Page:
Adam Could Have No Name

Apr 2, 2018

Adam means “man,” and so Adam is not really “the first man,” but simply “the first.” A sad man is actually a “sad Adam.” A beautiful woman is “a beautiful Adam.” I am the Adam Joshua. My wife is the Adam Paula. The first Adam was not a particular Adam, but a universal Adam. To say that Adam was “a man” is redundant. “Adam was man” simply means that “Adam was Adam.” Adam was both “Adam” and beyond “Adam.”

We live at a time wherein a certain man is named “Adam Smith” or “Adam West,” and we know that “Anderson” means “son of man.” However, for the first Adam, “Adam” is a declaration of the universality of God’s image bearer. Adam is not Adam’s name, but the name of the name of man. Similarly, “I am” is not so much the name of God as it is the name of God’s name. Signs inside of signs. There is no more fitting icon of reality than Russian nesting dolls. In many discussions of original sin, Adam’s universality is often reduced to that of a terrible lawyer defending mankind in a cosmic case. However, as the universal man, Adam is not really our representative at all, for the word suggests too great a chasm between us. In truth, I am only Adam because Adam was Adam.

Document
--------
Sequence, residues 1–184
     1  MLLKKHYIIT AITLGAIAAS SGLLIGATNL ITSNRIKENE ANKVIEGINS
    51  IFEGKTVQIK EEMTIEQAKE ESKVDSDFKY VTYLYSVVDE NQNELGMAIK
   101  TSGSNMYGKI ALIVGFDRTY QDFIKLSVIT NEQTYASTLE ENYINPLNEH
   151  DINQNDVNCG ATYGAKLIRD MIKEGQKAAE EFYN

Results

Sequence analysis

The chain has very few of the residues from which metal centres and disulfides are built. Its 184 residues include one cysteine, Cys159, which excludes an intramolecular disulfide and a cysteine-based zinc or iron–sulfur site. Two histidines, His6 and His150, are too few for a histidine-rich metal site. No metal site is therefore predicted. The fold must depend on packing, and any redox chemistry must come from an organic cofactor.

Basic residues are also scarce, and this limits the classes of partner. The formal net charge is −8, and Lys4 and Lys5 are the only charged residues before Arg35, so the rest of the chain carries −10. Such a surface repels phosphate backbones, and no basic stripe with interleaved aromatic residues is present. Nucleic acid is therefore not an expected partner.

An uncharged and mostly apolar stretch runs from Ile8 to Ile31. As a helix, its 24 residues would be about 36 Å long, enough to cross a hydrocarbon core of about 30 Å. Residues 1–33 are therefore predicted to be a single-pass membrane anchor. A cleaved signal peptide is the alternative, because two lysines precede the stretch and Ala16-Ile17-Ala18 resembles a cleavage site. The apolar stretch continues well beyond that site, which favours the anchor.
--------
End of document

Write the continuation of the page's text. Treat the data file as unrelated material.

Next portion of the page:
Adam was not really named in the conventional sense of the word. After the first man, a name distinguished one man from another man, but Adam’s name did not do this. Adam is the title of a species, the qualification of a particular way of being, not a manner of distinguishing one person from another person. Calling Adam “Adam” is not much like naming your second child “Stephen,” but more like calling a certain kind of geometrical shape “a square,” or a hopping marsupial “a kangaroo,” or a flowing body of water “a river.”

The name of Adam and the name of God bear a striking similarity to one another, then, and it makes sense that the image-bearer of an ineffable God would also be (albeit to a lesser degree) ineffable. The ultimate turn comes when St. Paul refers to Christ as the “second Adam.” In describing Christ as such, St. Paul is doing more than drawing a parallel between two men. He is expressing a new universal fountain of man’s identity.

Joshua Gibbs

Joshua Gibbs

Joshua Gibbs teaches online classes at He is the author of How To Be UnluckySomething They Will Not Forget, and Blasphemers. His wife is generous and his children are funny.

The opinions and arguments of our contributing writers do not necessarily reflect those of the Institute or its leadership.

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